A recent report finds that residents in California, Minnesota and Utah tend to have especially long and healthy lives — putting these states in contention for so-called "blue zones" status.
Author Dan Buettner came up with the concept of blue zones as he traveled globally conducting research to figure out the secrets to living longer. His work is now featured in a popular Netflix documentary series called "Live to 100: Secrets of the Blue Zones."
Buettner says that some of the pillars to the lifestyles embraced by residents of blue zones include exercising daily, eating whole foods like vegetables and nuts, being social and having a sense of purpose. Residents of Buettner's five blue zones (locations in Italy, Greece, Japan and Costa Rica, as well as Loma Linda, California) have lower incidence of chronic disease and much longer life expectancies than the general population. Buettner also suggests that there may be other blue zones that will emerge in the future.
Overall, longevity in the U.S. appears to be rising. The Centers for Disease Control and Prevention reported in November that life expectancy was 77.5 years in 2022, up by 1.1 years from 2021 when COVID-19 and heart disease deaths were higher. On the other hand, the Wall Street Journal reports that our "healthspans" — the time when people are active and not sick or in pain — is shrinking.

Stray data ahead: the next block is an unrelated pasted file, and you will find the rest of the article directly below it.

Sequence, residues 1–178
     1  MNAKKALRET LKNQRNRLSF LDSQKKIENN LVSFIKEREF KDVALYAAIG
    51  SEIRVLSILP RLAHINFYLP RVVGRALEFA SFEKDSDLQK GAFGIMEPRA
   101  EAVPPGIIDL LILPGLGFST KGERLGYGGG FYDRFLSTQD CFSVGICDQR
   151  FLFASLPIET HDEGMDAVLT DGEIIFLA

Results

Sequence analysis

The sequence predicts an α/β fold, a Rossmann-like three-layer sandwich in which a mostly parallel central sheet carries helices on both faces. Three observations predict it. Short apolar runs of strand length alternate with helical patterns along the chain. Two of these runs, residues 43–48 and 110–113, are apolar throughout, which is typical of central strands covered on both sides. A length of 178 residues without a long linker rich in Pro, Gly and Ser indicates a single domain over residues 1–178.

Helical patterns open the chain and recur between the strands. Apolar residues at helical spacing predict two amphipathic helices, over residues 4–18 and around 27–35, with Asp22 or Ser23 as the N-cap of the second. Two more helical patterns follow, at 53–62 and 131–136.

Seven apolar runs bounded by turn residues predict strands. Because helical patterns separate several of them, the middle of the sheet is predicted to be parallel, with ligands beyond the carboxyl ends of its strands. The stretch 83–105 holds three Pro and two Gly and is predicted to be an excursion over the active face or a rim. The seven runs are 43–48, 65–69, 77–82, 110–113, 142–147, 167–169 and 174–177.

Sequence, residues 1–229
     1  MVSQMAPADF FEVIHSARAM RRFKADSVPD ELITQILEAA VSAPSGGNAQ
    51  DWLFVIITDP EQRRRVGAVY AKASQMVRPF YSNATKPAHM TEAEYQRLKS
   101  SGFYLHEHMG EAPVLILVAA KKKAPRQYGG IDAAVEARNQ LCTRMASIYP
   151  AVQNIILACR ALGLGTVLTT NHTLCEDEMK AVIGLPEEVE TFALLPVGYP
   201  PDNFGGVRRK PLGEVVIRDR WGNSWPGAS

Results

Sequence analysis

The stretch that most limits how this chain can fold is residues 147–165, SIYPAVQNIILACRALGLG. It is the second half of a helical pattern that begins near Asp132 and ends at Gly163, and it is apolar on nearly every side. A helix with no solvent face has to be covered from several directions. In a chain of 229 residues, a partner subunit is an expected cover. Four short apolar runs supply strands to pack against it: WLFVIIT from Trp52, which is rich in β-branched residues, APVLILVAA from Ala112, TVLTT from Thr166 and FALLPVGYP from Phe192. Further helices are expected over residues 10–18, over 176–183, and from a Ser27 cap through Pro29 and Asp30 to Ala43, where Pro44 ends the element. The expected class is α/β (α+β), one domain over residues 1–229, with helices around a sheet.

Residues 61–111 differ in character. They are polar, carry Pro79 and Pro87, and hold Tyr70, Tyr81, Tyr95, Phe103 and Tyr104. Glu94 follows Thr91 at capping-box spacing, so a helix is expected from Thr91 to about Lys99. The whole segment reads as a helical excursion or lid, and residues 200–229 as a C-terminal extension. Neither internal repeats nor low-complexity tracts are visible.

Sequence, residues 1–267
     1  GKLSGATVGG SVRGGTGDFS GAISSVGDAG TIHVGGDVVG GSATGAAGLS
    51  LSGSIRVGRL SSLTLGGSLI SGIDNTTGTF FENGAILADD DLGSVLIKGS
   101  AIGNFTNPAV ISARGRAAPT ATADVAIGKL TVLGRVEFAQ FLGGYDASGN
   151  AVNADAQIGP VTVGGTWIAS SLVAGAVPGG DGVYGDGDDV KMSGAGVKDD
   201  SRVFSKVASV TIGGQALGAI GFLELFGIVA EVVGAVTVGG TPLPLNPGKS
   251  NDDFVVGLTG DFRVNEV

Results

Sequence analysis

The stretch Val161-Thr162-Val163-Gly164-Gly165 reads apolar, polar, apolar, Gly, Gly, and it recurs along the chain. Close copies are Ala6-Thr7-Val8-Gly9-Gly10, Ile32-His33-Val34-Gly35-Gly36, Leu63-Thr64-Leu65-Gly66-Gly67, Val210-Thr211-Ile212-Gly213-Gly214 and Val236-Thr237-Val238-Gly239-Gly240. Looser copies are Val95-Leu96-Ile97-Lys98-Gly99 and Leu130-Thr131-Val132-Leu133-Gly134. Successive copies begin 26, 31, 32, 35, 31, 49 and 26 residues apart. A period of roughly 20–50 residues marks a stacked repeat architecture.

Where are the best places to live for a long, healthy life? A new index from online pharmacy NowPatient builds around Buettner’s theories, grading U.S. states on the health and longevity of their residents, and their potential to be home to new blue zones.
The index is based on data relating to sleep, physical activity and anxiety/depression. The index also rewards states for reasons that might seem curious, like having a high number of Google searches for meat-free restaurants.
Why might this be? According to NowPatient, “Blue Zones’ food guidelines specifically recommend reducing eggs, fish, and dairy. In fact, if you want to eat like those in the blue zones, then your diet must be between 95.0% to 100.0% plant-based.”
Among the other categories that some may deem as controversial or questionable: States where a high share of the population is religious also rank higher. This is because people who live in high-life-expectancy blue zones tend to belong to faith-based communities, according to Buettner's research.
10 states most likely to become "blue zones"
Buettner's ideas on longevity have made waves in health and wellness circles. Here's a ranking of the top 10 states most likely to become blue zones:
- North Carolina
- Rhode Island
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